In the first study to connect autumn storms with marine productivity, researchers from the National Oceanography Centre have found that the storms stir up nutrients from the deep ocean, spurring phytoplankton growth and enabling greater uptake of carbon dioxide, according to a release.
The mixing can increase the nutrients in the upper ocean by a factor of 10. In the days after a storm, scientists have measured a 50 percent increase in chlorophyll, suggesting a significant increase in phytoplankton growth. The growth promotes additional carbon dioxide uptake as the phytoplankton utilize it to metabolize.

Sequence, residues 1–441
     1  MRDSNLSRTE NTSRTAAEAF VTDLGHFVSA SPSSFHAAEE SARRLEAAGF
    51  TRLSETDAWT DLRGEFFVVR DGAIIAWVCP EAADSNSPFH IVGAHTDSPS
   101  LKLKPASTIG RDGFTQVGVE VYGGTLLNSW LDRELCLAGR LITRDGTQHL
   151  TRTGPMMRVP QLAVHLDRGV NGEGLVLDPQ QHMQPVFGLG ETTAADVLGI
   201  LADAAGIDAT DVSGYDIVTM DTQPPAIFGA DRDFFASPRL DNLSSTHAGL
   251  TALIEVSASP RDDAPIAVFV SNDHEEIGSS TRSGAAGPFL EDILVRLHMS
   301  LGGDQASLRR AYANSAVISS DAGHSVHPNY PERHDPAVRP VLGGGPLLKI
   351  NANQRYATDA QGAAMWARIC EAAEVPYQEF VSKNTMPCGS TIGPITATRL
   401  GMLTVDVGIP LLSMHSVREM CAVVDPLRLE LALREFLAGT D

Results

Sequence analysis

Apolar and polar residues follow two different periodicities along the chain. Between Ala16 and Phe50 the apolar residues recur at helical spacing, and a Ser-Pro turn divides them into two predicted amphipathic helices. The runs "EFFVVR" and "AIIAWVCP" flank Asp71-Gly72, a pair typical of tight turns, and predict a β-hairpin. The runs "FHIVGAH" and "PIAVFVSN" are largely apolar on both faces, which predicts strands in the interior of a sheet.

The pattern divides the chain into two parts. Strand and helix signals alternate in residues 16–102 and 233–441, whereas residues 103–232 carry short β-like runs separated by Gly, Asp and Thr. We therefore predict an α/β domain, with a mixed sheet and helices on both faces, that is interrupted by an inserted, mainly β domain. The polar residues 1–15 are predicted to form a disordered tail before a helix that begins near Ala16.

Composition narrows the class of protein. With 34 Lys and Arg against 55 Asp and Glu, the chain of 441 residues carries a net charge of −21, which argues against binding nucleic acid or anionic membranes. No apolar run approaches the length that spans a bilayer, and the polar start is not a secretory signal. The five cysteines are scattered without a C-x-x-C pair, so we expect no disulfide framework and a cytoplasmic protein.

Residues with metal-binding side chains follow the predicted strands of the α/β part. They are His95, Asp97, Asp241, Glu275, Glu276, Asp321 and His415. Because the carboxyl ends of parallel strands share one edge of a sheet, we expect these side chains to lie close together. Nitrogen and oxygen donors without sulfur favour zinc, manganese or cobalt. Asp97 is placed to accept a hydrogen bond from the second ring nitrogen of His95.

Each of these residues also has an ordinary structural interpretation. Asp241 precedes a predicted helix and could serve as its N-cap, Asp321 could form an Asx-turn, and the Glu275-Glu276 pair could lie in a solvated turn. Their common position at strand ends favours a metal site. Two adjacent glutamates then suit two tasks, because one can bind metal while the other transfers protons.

Although phytoplankton tend to live near the surface, absorbing carbon dioxide and nutrients in the first 100 meters of ocean, they also can use up all the surface nutrients. Autumn storms cause deep ocean nutrients to be churned up to the surface, reigniting phytoplankton growth and carbon dioxide uptake.
Researchers had been curious about how nutrients were replenished in the upper ocean for years, but the phenomenon was difficult to study due to storms. The recent study made up for that by using robotic gliders, which aren’t as affected by difficult weather.